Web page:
Was Julian Assange spied on in the Ecuadorian embassy? Extradition could hinge on the answer

Dec 21, 2019 | 20 comments

Julian Assange’s fight against extradition to the U.S. could last years, and his argument could hinge on reports he has been illegally spied upon and his sensitive information given to the CIA.

Julian Assange after he was booted out of the Ecuadorian embassy in London in May.

Meanwhile, more than 100 doctors from across the world have written to the Australian government, urging it to act and “protect the life of its citizen”, in a letter to be delivered to the foreign affairs minister on Tuesday, amid warnings Assange’s health continues to deteriorate.

A judicial investigation by the Audiencia Nacional in Spain, the country’s national court, is acting on allegations that while Assange held asylum inside the Ecuadorian embassy in London, the Wikileaks founder was spied on, listened to and had his computer data scraped and that this information was sold to U.S. intelligence agencies.

Speaking to the International Law Association in Sydney, Guy Goodwin-Gill, a professor of law at the University of New South Wales who has provided advice on asylum issues to the Assange legal team, said Assange’s fight against extradition would be a long contest and that allegations he was being spied on would likely form part of legal arguments he could not receive a fair trial in the U.S.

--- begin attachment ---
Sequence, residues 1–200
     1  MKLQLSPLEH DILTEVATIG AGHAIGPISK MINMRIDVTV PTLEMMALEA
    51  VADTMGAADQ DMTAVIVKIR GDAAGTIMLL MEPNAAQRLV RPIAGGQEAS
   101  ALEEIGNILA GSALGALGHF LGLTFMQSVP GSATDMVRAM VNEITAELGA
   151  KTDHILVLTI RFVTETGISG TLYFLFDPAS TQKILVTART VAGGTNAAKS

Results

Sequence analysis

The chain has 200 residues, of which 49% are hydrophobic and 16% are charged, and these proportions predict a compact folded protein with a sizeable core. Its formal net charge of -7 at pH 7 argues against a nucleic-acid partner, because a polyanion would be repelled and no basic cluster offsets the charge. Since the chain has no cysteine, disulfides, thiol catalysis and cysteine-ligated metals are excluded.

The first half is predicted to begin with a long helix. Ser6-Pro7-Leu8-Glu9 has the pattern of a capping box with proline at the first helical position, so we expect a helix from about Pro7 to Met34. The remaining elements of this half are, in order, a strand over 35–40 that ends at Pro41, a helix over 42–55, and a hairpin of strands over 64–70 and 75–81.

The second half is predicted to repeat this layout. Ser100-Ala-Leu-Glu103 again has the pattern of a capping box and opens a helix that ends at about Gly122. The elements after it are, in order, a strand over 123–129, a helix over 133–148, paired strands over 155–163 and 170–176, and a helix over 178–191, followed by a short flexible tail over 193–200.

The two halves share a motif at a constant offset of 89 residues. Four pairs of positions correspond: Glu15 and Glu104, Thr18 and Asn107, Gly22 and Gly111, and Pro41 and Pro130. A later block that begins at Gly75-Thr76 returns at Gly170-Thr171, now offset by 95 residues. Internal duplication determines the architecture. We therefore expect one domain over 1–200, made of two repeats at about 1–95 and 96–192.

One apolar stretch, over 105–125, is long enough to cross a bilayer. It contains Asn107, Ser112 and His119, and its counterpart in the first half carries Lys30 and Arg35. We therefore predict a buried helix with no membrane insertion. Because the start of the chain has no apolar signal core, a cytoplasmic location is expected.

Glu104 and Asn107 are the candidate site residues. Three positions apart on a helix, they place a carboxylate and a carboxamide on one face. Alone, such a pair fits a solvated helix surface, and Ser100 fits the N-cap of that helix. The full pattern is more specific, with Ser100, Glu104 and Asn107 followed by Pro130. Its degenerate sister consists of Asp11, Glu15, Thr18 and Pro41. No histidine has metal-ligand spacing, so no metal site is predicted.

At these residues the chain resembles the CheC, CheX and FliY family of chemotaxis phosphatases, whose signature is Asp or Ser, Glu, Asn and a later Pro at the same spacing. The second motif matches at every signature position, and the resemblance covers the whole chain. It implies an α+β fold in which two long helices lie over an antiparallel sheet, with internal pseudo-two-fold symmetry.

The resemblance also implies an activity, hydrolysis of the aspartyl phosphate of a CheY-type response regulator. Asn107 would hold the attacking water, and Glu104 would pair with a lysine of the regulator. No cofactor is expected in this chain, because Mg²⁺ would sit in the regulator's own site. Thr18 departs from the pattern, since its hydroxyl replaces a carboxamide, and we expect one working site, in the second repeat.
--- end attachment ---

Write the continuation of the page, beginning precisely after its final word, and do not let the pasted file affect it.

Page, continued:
Assange is currently being held in London’s Belmarsh prison, ahead of an extradition hearing that will begin in February. A U.S. grand jury has indicted him on 18 charges – 17 of which fall under the Espionage Act – around conspiracy to receive, obtaining and disclosing classified diplomatic and military documents.

If convicted, Assange faces a prison term of up to 175 years.

Assange’s European arrest warrant on allegations of sexual assault in Sweden has been cancelled, with prosecutors arguing there was little chance of a conviction being obtained.

But medical doctors have banded together to urge authorities to halt any extradition plans, as well as urgently release him for medical care outside of the prison.

“That we, as doctors, feel ethically compelled to hold governments to account on medical grounds speaks volumes about the gravity of the medical, ethical and human rights travesties that are taking place,” their letter, seen by the Guardian, states.

“It is an extremely serious matter for an Australian citizen’s survival to be endangered by a foreign government obstructing his human right to health. It is an even more serious matter for that citizen’s own government to refuse to intervene, against historical precedent and numerous converging lines of medical advice.”

A group of Australian MPs from across party lines have gathered to discuss what can be done for Assange, with hopes of meeting with him in Belmarsh ahead of his extradition hearing.